The women’s basketball team remains undefeated this season after a 85-40 blowout win over the University of Southern Maine (1-5) on Tuesday. The Polar Bears have dominated their first four games, scoring at least 85 points and winning by a margin of more than 20 points in each.

Head Coach Adrienne Shibles attributes the Polar Bears’ early success to the team’s increased depth and number of players. The team is the biggest it’s been in the last 10 years.

“We have 16 rostered women and there’s not a weak link in the roster,” said Shibles. “I think that’s definitely our strength and it allows us to do a lot more exciting things defensively, like extending the pressures … [pushing] the ball more and [playing] at a really high pace.”

The graduation of Shannon Brady ’16 last spring has also caused shifts in the team’s strategy. 

“I think we came to rely on [Brady] too heavily last season,” Shibles said. “We would look to her to do things that we needed, like when we needed a basket or anything. This year thus far, it’s still early but I really like that on any given night, it could be any one of our players who is the high scorer. It could be any of our players who is making the big play. And so that more balanced approach is really exciting.”

“Last year we only had one senior and this year we have five. That creates a different dynamic [on] the court,” said Marle Curle ’17. “Position-wise, Shannon Brady was our center and she was a dominant force on the court. This year, it’s kind of more dribble drive offense in. Just a lot more movement in our offense. It’s a different style from last year.”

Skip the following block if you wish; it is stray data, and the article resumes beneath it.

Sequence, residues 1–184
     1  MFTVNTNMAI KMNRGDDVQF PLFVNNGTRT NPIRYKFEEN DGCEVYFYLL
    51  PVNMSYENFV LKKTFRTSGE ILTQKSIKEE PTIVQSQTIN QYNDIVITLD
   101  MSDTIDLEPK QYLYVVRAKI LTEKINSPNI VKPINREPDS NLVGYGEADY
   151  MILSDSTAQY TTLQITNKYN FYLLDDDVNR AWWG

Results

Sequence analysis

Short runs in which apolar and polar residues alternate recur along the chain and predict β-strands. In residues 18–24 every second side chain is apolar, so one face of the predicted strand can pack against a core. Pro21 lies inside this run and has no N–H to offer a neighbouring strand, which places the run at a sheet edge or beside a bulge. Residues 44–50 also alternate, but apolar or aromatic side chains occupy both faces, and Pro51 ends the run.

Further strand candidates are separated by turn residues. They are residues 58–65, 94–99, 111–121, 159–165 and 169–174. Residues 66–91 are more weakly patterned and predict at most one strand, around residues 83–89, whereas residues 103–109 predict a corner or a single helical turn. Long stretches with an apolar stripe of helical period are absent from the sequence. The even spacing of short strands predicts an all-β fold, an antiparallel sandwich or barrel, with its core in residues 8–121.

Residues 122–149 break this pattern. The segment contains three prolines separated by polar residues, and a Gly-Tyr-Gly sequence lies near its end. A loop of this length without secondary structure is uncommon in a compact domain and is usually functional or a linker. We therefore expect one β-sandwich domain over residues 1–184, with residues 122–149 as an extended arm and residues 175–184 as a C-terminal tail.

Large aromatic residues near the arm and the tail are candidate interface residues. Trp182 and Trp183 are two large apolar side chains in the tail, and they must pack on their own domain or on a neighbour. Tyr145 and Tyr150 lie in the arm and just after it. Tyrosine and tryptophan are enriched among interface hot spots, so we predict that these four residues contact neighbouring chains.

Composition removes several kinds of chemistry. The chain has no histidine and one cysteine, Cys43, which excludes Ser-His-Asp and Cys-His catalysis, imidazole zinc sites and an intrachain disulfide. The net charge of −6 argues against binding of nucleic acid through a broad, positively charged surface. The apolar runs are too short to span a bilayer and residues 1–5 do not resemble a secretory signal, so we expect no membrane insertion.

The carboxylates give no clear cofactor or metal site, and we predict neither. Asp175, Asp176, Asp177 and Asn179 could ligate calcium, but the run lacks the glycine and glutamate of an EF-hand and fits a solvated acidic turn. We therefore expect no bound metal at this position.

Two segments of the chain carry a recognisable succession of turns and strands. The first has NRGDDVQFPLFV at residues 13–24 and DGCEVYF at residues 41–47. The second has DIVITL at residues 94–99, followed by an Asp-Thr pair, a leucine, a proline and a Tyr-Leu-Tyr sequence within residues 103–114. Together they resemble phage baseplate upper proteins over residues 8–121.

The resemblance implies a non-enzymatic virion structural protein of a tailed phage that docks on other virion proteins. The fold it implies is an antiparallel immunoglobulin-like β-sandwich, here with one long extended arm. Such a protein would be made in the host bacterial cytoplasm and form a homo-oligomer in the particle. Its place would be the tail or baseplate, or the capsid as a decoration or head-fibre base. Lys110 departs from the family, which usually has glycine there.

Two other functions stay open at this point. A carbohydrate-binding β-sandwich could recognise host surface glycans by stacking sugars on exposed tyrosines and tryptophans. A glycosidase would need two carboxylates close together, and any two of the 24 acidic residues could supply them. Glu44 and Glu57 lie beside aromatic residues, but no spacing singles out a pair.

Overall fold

While Brady’s strength was a definite advantage last season, this year’s more dynamic offense can be more difficult for opposing teams’ defenses.

“Defensively last year, a lot of teams would hone in on [Brady] because she was so talented and she contributed a lot of points for us,” said Norton. “And it’s really nice that this year we have a more balanced scoring attack. I think a prime example was [against Southern Maine]. I don’t think anyone had more than 12 points.”

The team’s closest match of the season was their 87-63 win over the University of New England, an improvement over last year when the Polar Bears fell to the Nor’easters by 20 points. Bowdoin dominated much of the game, taking a 42-22 lead into halftime. Although the Nor’easters narrowed the Polar Bears’ lead to 58-44 in the third quarter, the Polar Bears soundly won the game.

Despite the team’s successful start to the season, Shibles says that there is still room for improvement. 

“I think we’ve just come out less focused defensively,” said Shibles. “We have been putting up huge points, so I’m not too concerned about offense thus far. But if you look at our third quarter defensive performance, in my mind, we’re giving out too many points.”

The team looks to focus on its defense in the future, particularly as it heads into its first NESCAC match of the season against Colby, where Brady works as the assistant coach.

“We try to think of every team as a faceless opponent so on one hand, it’s Shannon on the opposite team, but we just try see our opponents as our opponents for that day,” said Norton. “We’re trying to learn from each game and improve. We’re really not looking three games in advance and four games in the future. We’re just focused on the next one.”

The team will travel to Colby at 2 p.m. on Saturday as it looks to extend its win streak to five.

Editor's note, Thursday, December 8, 12:40pm: The headline has been updated to correct an error in the length of the team's win streak.